Ms Jaffe wants people to imagine a society which is not organised “emotionally and temporally” around work. As she writes in the book: “What I believe, and want you to believe, too, is that love is too big and beautiful and grand and messy and human a thing to be wasted on a temporary fact of life like work.”
A casual observer on Moscow’s Pushkin Square on Saturday could have been forgiven for mistaking the scene for events that have wracked neighbouring Belarus for the past five months.
One protester held up a white-and-red flag, the symbol of the protests against Belarusian strongman Alexander Lukashenko. Others chanted “Long live Belarus!” as cars honked in support and blared “Changes”, a Soviet dissident rock anthem adopted by protesters there. Baton-wielding riot police in balaclavas and body armour beat people in videos that circulated widely on Twitter and Telegram.
If the rally — which attracted an estimated 40,000 people in Moscow and thousands more in 110 other cities nationwide — had more than a whiff of Minsk to it, the sudden outburst of anti-government sentiment only a short walk from the Kremlin has put Russia in a similar bind to Mr Lukashenko.
As protests surged, Mr Lukashenko asked Russia to send riot police, warning “if Belarus falls, Russia will be next”. Wary of antagonising Belarusians against Moscow, Vladimir Putin, Russia’s president, declined the request.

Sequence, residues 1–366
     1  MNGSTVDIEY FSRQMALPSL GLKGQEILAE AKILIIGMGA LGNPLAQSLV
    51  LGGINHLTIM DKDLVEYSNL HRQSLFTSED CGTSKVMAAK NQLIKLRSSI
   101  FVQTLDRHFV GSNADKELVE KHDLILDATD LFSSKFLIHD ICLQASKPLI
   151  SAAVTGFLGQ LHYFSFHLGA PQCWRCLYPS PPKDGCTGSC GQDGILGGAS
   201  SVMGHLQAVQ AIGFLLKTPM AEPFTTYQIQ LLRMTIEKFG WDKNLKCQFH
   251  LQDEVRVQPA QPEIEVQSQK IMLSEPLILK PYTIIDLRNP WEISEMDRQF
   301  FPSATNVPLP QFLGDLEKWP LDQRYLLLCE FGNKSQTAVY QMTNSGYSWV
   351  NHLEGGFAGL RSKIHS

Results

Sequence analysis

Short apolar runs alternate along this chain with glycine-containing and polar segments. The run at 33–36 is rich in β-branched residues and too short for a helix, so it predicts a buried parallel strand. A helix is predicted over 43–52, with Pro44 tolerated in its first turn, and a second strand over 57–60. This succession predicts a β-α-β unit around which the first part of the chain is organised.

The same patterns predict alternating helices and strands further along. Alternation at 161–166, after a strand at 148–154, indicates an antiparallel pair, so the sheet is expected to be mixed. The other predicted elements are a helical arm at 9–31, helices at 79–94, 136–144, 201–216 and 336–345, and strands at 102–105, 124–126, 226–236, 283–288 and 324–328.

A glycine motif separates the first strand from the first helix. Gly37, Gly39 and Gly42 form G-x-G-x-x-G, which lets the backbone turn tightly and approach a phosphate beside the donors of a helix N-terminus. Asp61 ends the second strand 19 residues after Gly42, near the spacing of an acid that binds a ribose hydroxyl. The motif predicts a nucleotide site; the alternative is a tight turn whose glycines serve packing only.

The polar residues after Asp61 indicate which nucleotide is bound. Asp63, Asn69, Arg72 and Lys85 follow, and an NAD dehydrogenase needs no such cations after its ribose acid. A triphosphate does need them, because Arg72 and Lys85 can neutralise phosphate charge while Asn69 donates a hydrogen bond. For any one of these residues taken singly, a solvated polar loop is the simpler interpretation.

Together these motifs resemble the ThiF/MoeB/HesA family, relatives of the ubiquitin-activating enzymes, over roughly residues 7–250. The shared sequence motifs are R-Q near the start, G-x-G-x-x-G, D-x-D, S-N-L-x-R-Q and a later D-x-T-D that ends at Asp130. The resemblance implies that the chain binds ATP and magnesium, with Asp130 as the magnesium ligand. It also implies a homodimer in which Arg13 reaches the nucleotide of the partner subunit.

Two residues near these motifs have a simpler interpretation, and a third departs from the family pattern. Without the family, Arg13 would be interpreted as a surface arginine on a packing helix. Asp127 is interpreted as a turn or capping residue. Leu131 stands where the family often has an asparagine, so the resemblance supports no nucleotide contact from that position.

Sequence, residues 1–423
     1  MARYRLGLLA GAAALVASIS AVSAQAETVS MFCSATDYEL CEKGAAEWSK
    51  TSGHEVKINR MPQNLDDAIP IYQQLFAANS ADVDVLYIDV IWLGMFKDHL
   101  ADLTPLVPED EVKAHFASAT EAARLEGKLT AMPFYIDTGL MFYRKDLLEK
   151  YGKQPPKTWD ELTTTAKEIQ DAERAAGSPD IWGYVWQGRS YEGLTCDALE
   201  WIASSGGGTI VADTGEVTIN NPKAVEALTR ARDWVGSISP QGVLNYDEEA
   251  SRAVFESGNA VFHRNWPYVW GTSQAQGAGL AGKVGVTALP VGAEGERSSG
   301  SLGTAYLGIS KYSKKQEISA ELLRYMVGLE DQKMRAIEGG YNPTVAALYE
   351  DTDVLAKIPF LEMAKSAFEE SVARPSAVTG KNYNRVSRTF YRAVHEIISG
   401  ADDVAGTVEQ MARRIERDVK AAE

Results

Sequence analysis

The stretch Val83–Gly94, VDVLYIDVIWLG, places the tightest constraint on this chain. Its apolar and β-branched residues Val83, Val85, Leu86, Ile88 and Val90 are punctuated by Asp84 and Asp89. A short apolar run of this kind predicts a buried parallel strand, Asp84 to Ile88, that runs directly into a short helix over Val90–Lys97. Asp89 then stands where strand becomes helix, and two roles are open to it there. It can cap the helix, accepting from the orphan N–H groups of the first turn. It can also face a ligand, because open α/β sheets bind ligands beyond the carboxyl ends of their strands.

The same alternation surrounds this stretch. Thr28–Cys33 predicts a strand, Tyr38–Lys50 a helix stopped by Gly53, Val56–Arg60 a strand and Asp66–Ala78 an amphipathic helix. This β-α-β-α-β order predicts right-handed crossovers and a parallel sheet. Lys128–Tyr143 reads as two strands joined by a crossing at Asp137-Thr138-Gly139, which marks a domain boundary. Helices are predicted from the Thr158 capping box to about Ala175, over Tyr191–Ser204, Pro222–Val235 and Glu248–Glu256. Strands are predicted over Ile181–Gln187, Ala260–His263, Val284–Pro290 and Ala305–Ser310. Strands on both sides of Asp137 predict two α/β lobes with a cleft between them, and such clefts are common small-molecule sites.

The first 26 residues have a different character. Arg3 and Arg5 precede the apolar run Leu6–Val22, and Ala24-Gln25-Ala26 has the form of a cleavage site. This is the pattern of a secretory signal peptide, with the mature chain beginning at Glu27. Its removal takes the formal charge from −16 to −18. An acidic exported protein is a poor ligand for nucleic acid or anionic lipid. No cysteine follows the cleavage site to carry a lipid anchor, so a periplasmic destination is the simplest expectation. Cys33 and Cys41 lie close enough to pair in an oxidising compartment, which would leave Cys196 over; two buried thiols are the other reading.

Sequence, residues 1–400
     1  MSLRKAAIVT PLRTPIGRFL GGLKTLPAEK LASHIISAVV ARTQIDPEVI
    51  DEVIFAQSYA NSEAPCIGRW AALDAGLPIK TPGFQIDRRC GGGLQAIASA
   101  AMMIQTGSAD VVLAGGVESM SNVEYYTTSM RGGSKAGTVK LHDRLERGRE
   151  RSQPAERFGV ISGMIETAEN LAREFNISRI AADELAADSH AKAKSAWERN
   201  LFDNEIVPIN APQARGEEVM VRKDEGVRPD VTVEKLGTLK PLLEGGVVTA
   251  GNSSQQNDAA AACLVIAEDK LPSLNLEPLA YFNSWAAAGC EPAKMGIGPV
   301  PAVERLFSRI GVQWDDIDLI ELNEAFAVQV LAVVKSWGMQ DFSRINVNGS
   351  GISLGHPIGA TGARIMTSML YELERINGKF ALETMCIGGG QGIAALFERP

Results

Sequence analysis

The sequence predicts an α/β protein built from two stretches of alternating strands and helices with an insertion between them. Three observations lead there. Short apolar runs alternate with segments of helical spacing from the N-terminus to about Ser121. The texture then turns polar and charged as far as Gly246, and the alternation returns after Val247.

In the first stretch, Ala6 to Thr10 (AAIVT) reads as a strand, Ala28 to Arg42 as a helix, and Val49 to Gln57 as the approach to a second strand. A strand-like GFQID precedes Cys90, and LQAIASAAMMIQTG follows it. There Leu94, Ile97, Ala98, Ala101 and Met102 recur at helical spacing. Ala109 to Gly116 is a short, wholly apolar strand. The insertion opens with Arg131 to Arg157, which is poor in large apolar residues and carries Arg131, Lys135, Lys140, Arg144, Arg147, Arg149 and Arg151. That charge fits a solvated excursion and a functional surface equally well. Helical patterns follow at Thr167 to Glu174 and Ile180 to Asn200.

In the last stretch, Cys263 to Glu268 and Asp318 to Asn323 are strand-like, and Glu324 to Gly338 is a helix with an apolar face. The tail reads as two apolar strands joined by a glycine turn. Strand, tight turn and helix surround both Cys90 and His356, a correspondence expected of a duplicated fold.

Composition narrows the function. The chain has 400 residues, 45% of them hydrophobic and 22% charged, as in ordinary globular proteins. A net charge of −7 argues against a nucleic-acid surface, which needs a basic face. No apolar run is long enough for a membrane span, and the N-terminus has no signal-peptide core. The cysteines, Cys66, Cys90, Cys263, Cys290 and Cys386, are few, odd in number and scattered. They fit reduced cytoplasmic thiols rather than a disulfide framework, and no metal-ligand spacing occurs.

But after the arrest of opposition activist Alexei Navalny prompted Saturday’s protests — the largest anti-Putin rallies in years — the Kremlin’s own heavy-handed crackdown risks misjudging public sentiment and legitimising a national movement against it much as Mr Lukashenko’s did, analysts say.
Police detained 3,345 people on Saturday, according to independent monitor OVD-Info, which said the arrests were a record in its decade of tracking them.
Saturday’s protests were also the first under Mr Putin’s rule where Russians fought to break through barricades, free detainees from custody, or threw snowballs to drive back police, which state media claimed led to about 40 officers sustaining injuries.
“Nobody thought this could happen before, just like in Belarus,” said Andrei Kolesnikov, a senior fellow at the Carnegie Moscow Center. “But the rise in protest activity shows you that a huge number of people are unhappy with the government . . . People aren’t coming out for Navalny so much as they are because they’re tired of corruption and bad governance.”
Mr Navalny, a 44-year-old anti-corruption activist, was jailed this week upon returning from Germany where he had been recovering from a nerve agent poisoning he said was ordered by the Kremlin. He now faces up to 13 and a half years in prison on two separate charges he claims are retribution for his activism.
The day after his arrest, Mr Navalny released a two-hour video investigation claiming oligarchs had spent billions on a lavish palace for Mr Putin on the Black Sea coast. The video racked up 78m views on YouTube by Sunday and clearly inspired some of the protesters.